As counting wraps up on Monday, confusion reigns after Ireland’s general election failed to produce a clear winner.
The Irish Times comments:
The obvious solution, at a time of partial economic recovery and worrying international developments, is the establishment of a government composed of Fine Gael and Fianna Fáil. That would provide the key requirement of stability and a prospect of economic continuity.
It would also bring political risks. Micheál Martin and Enda Kenny ruled out the proposition of a grand alliance during the election campaign and elements within both parties would probably resist it on cultural and historic grounds.
And if all that wasn’t bad enough,
JOURNALISM / CULTURE
Fifa is attempting to emerge from under the dusty cloak of the Sepp Blatter era with the election of a new President.
Dame Janet Smith’s report into the BBC and the Jimmy Savile affair was published on Thursday. It makes difficult reading.
Finally… ah well.
Donald Trump completed a trifecta of early state victories last night, winning the Nevada GOP caucuses by a large margin. Marco Rubio and Ted Cruz again fought it out for second place.
Interesting demographic data indicated that Trump won among Latinos and performed well with women voters.
So now it’s on to the SEC Super Tuesday – including Texas – on March 1st and then key contests in Florida and Ohio on March 15th.
By then, it might be all over.
US and Russian negotiators announced a cessation of hostilities between “some” of the groups fighting in Syria which would come into effect on Friday. Al Jazeera reports that the agreement “calls on all sides to sign up to the agreement by midday on February 26 and to stop fighting by midnight,” But (and there’s always a but..)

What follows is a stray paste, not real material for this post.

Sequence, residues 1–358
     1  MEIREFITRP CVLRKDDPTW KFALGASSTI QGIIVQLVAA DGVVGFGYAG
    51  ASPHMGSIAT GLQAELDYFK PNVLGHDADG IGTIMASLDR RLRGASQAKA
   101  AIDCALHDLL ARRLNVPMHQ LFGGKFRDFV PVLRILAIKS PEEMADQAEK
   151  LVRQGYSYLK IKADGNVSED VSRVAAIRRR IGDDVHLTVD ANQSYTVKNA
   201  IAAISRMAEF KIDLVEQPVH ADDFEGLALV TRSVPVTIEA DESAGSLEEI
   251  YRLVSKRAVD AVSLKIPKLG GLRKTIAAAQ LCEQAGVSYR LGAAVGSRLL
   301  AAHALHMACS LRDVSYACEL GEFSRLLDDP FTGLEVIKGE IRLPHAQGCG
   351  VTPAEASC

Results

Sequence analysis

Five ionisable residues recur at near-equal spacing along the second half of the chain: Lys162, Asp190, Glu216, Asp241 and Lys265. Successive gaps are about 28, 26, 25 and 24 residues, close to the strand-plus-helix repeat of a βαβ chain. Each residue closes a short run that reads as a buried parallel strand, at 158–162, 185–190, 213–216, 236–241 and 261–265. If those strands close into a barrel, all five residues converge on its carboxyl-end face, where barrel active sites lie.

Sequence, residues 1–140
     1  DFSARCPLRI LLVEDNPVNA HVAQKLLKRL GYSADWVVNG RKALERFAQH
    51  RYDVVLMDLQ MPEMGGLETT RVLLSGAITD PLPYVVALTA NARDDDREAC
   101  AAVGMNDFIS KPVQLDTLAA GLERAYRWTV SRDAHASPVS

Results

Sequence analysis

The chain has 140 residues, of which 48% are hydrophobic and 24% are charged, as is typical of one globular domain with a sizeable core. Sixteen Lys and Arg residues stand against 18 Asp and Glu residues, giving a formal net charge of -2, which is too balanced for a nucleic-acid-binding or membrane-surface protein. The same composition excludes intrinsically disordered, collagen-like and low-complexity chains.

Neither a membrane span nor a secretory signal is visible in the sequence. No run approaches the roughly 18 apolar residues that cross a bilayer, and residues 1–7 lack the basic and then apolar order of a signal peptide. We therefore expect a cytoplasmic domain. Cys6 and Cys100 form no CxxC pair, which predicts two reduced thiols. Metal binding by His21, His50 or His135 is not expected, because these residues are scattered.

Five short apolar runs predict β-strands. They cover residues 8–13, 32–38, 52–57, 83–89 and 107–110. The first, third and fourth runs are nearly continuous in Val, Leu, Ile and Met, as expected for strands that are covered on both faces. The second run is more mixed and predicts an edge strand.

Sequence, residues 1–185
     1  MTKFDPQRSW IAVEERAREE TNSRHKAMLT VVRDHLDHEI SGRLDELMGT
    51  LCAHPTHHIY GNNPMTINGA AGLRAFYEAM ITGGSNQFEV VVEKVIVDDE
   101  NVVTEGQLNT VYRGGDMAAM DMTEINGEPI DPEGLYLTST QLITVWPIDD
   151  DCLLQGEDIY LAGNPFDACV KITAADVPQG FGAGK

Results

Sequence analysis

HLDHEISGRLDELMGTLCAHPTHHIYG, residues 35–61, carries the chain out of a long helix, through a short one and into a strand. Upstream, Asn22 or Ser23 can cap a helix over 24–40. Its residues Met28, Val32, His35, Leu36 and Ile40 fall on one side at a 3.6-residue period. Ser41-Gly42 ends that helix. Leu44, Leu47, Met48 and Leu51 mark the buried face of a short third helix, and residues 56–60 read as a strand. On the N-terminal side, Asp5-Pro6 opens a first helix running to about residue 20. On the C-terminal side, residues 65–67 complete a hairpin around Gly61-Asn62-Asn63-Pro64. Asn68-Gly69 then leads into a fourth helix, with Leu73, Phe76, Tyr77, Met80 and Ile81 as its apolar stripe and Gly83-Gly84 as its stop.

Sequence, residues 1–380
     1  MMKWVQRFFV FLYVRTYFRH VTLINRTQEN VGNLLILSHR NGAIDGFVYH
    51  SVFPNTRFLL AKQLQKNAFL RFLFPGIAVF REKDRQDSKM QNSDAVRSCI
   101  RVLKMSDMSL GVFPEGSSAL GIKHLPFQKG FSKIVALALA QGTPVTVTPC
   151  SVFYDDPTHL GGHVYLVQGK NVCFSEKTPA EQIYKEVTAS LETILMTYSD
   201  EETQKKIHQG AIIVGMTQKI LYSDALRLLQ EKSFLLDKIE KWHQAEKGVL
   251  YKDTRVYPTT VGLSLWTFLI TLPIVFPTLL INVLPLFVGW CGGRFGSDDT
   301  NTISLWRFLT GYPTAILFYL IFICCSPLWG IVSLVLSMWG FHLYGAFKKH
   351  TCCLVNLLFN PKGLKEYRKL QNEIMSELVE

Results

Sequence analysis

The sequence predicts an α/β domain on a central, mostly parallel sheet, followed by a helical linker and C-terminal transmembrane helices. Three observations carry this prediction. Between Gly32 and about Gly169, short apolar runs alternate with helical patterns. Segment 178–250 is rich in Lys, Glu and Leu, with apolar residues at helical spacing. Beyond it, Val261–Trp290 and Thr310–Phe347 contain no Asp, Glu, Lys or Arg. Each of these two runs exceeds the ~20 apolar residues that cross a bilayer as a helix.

Al Jazeera’s diplomatic editor James Bays, reporting from New York, said some critics believed the timing of the deal would allow different sides in the conflict to push for more territory in the lead-up to the truce on Friday.
“Given everything that is happening in Syria, there is not a great deal of optimism about the proposed cessation of hostilities, particularly as many observers fear there will be an increase in the violence – with the warring sides trying to make gains in the days before it is due to start,” he said.
Meanwhile, Syrian President Bashar al-Assad called a parliamentary election for April 13, according to an official statement.
David Cameron will address MPs this afternoon on the negotiated changes to Britain’s terms of membership of the EU. As the sides continue to form up ahead of the in/out referendum planned for June 23, there is increasing speculation over Cameron’s own position as leader of his party – and Prime Minister – should the referendum vote go against him.
Meanwhile, the Pound is having its worst day since 2009.
So picking a fight with the Pope didn’t seem to hurt.
Donald Trump claimed victory in the Republican primary in South Carolina, with Ted Cruz and Marco Rubio in a tight race for second place. A disappointing showing by Jeb Bush, meanwhile, led him to “suspend” his campaign, in what is – for now – the end of a political dynasty.
In Saturday’s Democratic caucuses in Nevada, Hillary Clinton bounced back from a heavy defeat to her only rival Bernie Sanders in New Hampshire, with a comfortable win.